This of course is an ongoing situation and new developments are happening, every time I go back to Twitter. Which is both bad and good. It’s bad because it shouldn’t have happened in the first place, and it’s good because now we get the chance to turn things around.

If only we hadn’t been put in this situation, to begin with…

Live and learn, I guess.

A script for my #Autistic Monday morning

three abstract people figures talking to each otherI am not looking forward to going to work today. I worked from home all week, last week, and it was wonderful. I didn’t move as much as I should have, and I ate more than was healthy, but I got to rest when I needed to, and I wasn’t subjected to inane interactions, like I’m about to be, in a little over an hour.

I detest vacuous social interactions that serve no purpose other than to make other people feel less lonely. It’s a distraction. But I’ll do it.

The good part is, I’ve figured out how to do it without investing a whole lot of energy. If I just follow this script, I’m all set.

This is how it goes:

First, I see someone approaching me. It’s always best if I acknowledge them first, because other people are very reactive. They like having someone else set the tone of the interaction so they can just follow along.

Me (smiling and looking in their general direction): Hi! How are you today?

Them: I’m good, thanks! And you?

Me: I’m great! How was your weekend? Did you have a good one?

Them:  Something – something – something – something – something – something

Me (depending on their response): Oh, wow – that sounds great / frustrating / exciting (sarcasm used, if they had a terrible weekend)

Them: Yeah. Something – something – something – something – something – something

Me (whatever they happen to say): Oh, I know… Right?

Them: Laugh / meaningful look / some comment

Me: Tell me about it…

Them: Okay, well, have a great day!

Me: You too! Happy Monday!

 

And we’re done. That’s roughly how it goes.

Generally, I can get away with a few exaggerated expressions of “Oh, I know!” or “Right?!” that indicate I’m listening (maybe I am, maybe I’m not), and that I care. I do care. I actually do. But it’s a lot of energy, which I often don’t have, to get all invested in other people’s lives.

Especially when I fundamentally disagree with what they do with their free time and money.

I try not to belabor my interactions with judgment. Non-autistic people don’t understand, and it’s not a good use of time.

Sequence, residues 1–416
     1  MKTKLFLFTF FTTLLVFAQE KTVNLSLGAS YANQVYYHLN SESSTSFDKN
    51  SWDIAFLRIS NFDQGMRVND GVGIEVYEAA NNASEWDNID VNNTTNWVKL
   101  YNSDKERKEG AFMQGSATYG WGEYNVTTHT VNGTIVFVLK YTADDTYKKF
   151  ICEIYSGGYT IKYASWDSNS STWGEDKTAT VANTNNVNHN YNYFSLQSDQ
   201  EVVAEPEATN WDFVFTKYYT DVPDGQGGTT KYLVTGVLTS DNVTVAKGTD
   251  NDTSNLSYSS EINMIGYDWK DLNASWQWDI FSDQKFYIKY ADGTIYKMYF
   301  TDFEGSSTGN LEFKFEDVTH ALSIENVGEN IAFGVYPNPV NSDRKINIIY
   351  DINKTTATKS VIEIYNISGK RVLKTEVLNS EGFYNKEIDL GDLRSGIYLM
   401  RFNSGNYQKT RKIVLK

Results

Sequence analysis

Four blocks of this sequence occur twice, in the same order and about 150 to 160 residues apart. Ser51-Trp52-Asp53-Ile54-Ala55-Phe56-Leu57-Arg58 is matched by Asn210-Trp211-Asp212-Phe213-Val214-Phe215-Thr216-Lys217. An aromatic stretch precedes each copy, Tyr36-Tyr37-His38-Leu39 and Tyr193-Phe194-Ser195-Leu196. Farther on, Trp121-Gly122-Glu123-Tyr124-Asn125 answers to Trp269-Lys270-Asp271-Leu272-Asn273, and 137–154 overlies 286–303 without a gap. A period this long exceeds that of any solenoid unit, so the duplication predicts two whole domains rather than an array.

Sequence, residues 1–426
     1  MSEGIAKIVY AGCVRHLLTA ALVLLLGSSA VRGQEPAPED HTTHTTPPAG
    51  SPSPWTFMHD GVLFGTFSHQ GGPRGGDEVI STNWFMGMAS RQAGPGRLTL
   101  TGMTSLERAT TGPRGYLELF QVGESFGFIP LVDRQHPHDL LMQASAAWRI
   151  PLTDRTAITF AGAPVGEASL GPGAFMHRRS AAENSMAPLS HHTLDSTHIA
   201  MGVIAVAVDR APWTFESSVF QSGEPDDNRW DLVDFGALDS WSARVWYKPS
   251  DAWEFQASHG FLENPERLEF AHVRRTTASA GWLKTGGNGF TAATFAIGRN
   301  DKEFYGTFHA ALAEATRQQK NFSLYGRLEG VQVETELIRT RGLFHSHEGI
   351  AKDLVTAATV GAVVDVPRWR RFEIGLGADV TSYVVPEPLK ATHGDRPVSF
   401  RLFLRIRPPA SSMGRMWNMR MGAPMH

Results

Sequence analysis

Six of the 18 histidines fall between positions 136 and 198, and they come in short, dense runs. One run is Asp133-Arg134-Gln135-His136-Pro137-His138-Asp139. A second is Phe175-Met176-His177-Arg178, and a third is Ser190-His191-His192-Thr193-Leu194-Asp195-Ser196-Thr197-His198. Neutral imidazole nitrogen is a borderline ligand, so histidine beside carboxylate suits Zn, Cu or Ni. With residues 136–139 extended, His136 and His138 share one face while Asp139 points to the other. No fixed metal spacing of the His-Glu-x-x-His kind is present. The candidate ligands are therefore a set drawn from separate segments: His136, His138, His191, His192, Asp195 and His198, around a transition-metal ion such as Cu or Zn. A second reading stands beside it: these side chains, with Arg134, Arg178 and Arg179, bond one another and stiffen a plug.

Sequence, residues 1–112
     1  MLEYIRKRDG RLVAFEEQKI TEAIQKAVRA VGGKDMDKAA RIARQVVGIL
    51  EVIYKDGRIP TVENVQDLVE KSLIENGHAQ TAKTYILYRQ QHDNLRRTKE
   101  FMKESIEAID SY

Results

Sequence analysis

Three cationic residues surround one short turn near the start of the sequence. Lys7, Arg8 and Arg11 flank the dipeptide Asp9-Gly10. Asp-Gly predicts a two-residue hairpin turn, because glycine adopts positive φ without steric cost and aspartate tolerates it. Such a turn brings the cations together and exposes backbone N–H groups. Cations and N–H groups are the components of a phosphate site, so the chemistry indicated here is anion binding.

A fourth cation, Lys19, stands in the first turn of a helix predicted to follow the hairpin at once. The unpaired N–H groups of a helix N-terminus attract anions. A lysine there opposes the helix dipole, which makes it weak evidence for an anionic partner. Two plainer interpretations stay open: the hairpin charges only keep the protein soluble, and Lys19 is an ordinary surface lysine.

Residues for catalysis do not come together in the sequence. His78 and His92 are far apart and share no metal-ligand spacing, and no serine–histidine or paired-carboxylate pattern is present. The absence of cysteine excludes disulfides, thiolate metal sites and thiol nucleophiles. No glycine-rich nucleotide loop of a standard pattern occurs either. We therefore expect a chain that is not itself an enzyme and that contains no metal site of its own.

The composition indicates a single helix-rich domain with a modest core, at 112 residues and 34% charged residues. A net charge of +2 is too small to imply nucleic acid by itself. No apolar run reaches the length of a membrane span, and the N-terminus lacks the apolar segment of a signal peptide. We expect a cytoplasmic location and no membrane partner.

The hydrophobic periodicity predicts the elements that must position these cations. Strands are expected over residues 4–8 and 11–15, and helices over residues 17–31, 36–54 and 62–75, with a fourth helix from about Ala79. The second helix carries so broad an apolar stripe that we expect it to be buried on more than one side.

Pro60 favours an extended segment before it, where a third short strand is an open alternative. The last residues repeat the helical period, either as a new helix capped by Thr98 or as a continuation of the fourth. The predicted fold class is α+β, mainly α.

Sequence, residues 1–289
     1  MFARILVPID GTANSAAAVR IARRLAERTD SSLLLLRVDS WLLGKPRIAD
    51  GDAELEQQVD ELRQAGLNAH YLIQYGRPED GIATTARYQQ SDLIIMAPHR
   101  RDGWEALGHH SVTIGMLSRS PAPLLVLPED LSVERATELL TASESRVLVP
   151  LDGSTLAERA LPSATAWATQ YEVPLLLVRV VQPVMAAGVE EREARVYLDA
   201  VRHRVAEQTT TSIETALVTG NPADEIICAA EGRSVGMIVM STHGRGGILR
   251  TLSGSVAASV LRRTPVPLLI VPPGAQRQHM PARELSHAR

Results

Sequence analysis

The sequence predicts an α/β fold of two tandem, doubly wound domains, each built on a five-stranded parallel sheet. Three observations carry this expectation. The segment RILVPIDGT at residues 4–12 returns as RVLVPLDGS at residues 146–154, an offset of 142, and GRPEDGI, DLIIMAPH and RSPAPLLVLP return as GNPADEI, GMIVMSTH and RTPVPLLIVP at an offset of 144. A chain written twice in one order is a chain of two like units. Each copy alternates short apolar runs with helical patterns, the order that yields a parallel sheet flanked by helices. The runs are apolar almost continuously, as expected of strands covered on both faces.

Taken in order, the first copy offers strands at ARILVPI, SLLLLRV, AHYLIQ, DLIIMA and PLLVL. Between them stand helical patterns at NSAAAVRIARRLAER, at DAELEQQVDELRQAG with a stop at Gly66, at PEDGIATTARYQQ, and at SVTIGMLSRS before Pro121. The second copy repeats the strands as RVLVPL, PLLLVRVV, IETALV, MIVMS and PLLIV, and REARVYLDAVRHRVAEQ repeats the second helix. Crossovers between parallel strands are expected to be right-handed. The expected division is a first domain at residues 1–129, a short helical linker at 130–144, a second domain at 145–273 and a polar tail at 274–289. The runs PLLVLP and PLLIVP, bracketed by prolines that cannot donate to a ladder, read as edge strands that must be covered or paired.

So, anyway, Monday awaits. I have to go in to the office today — Big Day for a project I’m working on, plus there’s some staff meeting I have to attend. Whatever happens, it won’t be boring. That’s for sure.

Although sometimes, boring would be fantastic.

Okay, off I go…

Working towards #Invisible #excellence

Picture of a large book standing open on a grassy bank, with a chair and tree between its pages and birds in the distance, sunlight streaming downThis weekend has been very much about art. And excellence. And solitude. And suiting myself. And working.

I wrote what I think is a pretty decent essay on Saturday morning. I was invited to submit an essay about the intersection of my queerness with the faith of my religious upbringing, and it was an intriguing proposition. It’s taking me places I haven’t “visited” in a long time. To be honest, I generally avoid … going there… because it can be so painful and so convoluted and so frustrating for me to think about it, let alone write about it in ways that others will understand.

I am seldom asked to contribute writing. It just doesn’t happen. I write a lot, I’ve written a bunch of books, and I blog pretty regularly, but I’m not in the publication ecosystem, if you will. When I was a kid, all I really wanted to do, was be a writer. That’s all I’ve ever wanted, and I’ve made all my job choices because of needing to protect my writing process. Shelter it from outside intrusions. Guard the time I have available to work. Center my life around it, in countless ways. That desire, that drive, has informed every single choice I’ve ever made, and one of the reasons I got involved with my partner, and stayed with her for 26+ years, is that she gets me as writer. She values that. She respects it. And she leaves me alone to pursue it.

I am such a writer. It’s not even funny. I’m rarely blocked. If anything, I have more material to write, than I have time to write. That’s been the prevailing theme of my life: So many words, so little time. And some of the words are actually pretty decent. I devote my waking hours to noticing things and thinking about them in ways that few other people do. When other people have read what I had to say, at times they’ve been amazed. If I felt more comfortable about it, I’d brag a bit on that point. But other people’s respectful notice of my ideas puts me off. I can’t help wondering, “Why is this so amazing to them? It’s just common sense?” And I can’t even begin to discuss it all, because I often come off as arrogant or stuck-up or condescending.

Sigh.